Many small businesses rely on point-of-sale (POS) systems to ring up customer purchases and manage several other vital operational functions. Those in the retail industry can especially benefit from this type of solution. POS systems allow retailers to complete customer transactions, but also track and manage inventory and customer information. An Accenture pulse survey revealed that 91% of consumers are more likely to shop with brands that remember them and provide relevant offers and recommendations – POS systems allow retailers to do just that.
There are hundreds of POS systems on the market, so choosing the best POS system for your retail business requires careful analysis and consideration. When evaluating your options, look for a solution that not only fits your budget, but also has the tools and features your business needs.
If you’re wondering what a POS system is, it is a combination of both POS hardware and software. It is a common replacement for the traditional cash register, since it offers more comprehensive tools aside from just ringing up orders. For example, it lets you record sales, process payments, track and manage inventory, administer customer loyalty programs, manage employee performance, and access real-time reports. Some POS providers offer everything you need (software and hardware) in one complete package, whereas others allow you to pair their software with the hardware you purchase from third parties.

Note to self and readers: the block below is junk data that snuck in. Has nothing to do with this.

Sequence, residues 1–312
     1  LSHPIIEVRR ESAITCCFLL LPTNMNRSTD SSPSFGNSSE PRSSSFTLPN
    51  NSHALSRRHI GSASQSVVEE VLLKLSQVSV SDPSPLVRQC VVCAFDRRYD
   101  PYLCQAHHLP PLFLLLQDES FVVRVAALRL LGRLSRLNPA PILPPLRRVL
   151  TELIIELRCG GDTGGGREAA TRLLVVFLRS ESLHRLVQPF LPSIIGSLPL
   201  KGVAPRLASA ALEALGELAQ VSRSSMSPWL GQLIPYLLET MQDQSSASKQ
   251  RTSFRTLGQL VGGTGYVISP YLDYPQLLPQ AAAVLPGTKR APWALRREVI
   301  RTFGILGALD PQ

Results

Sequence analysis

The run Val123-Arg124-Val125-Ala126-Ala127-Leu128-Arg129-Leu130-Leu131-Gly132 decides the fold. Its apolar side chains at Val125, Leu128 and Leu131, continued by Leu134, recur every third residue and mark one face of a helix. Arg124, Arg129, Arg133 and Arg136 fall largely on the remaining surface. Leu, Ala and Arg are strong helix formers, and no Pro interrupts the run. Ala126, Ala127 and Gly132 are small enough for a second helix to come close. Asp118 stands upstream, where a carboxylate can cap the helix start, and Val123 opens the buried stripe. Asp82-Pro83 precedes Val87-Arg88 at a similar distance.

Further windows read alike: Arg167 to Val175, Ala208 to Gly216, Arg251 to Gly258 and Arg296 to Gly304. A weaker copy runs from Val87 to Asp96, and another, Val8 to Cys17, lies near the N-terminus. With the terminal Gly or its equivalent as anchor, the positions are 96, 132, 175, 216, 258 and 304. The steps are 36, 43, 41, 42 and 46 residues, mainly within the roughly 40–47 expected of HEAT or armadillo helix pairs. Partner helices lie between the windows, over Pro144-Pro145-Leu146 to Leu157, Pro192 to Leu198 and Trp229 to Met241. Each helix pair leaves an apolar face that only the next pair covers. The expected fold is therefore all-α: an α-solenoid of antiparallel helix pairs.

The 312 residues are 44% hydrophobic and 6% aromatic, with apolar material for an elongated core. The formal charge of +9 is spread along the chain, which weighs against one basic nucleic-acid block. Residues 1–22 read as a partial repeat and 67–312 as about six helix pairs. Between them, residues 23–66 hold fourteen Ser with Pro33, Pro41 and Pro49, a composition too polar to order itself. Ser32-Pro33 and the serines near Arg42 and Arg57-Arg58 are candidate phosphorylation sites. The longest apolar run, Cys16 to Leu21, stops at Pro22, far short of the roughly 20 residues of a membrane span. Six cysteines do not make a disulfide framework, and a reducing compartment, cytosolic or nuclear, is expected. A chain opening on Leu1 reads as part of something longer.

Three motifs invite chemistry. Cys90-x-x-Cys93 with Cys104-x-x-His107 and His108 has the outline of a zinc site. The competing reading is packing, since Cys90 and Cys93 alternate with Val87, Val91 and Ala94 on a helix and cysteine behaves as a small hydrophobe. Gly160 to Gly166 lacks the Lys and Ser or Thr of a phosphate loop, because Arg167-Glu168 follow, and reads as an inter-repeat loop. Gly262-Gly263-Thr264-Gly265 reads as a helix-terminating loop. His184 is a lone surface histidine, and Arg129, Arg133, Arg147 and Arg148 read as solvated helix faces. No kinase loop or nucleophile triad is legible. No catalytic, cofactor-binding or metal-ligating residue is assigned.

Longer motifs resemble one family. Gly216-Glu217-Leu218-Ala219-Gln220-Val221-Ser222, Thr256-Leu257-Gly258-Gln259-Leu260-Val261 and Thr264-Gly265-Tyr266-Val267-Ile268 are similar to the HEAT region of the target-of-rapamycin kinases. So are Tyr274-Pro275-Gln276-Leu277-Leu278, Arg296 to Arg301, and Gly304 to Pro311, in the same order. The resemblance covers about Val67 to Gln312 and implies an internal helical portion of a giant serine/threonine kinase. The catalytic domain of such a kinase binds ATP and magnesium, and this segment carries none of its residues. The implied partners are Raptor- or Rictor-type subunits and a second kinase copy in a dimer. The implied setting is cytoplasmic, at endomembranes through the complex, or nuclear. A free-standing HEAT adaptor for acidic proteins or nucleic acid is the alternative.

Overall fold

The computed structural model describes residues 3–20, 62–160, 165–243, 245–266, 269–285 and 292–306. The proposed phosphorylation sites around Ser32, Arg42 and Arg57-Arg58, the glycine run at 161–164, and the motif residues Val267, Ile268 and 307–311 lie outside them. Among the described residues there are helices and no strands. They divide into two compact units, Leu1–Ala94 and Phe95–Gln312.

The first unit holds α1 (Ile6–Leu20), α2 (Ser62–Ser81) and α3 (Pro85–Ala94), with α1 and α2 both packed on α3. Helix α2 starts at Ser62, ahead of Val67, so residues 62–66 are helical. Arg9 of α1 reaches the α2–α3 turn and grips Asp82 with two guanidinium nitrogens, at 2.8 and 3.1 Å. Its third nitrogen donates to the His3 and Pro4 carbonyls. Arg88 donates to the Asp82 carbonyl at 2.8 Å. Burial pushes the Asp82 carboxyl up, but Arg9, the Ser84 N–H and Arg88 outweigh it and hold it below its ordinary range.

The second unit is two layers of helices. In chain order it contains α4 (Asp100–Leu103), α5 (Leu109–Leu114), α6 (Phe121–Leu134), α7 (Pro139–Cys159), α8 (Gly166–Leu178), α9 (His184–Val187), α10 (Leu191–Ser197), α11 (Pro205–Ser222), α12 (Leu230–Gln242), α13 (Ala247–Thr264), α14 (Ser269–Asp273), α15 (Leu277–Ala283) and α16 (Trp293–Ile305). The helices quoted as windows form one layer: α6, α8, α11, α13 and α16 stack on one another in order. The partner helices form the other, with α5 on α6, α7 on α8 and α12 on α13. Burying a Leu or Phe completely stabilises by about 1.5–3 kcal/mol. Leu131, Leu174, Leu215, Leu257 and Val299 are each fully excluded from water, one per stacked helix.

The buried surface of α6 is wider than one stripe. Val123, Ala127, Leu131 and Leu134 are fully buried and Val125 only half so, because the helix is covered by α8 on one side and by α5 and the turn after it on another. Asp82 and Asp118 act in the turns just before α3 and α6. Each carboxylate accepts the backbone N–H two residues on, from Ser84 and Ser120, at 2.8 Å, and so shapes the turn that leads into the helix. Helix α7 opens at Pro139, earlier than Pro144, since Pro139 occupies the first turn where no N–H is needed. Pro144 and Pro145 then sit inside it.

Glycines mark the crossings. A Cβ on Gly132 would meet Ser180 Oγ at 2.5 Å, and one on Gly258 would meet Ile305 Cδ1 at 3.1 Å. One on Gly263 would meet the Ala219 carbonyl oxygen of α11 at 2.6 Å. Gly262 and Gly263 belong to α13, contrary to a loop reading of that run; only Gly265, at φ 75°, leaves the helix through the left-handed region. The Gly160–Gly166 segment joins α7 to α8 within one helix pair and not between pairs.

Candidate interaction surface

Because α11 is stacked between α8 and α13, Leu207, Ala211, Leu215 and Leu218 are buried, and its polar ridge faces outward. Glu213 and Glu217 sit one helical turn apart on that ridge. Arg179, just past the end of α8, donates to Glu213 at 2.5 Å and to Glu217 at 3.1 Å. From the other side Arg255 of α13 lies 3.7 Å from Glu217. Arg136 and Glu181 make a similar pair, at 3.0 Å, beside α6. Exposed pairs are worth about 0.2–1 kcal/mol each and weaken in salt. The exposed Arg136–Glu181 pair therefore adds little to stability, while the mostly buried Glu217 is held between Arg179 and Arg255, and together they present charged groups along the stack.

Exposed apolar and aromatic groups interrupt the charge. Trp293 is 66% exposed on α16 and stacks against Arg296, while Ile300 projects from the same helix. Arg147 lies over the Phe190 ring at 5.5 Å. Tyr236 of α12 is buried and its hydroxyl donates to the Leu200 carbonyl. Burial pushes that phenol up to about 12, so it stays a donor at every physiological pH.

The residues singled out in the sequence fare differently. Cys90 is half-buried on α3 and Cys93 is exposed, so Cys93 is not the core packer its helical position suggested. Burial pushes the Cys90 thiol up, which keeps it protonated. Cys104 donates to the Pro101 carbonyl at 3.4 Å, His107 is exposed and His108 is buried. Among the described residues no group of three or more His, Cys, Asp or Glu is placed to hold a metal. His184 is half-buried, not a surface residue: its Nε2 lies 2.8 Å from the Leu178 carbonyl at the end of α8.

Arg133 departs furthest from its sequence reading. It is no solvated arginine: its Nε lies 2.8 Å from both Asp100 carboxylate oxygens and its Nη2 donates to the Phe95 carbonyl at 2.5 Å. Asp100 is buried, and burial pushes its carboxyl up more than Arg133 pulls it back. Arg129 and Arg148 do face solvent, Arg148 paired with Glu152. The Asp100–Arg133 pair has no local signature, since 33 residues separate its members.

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Retailers have the option of using local, server-based POS software, which stores sales data onsite; however, the best programs are either app- or cloud-based SaaS solutions. Using a cloud-based solution is common among retailers since it allows them to view sales data online in real time. Additionally, cloud-based retail POS software is typically more affordable, which is especially ideal for retailers with several locations or a tight budget.
Whether you choose cloud-based or local, server-based POS software, make sure the system is compatible with your payment processor and has the add-ons you require.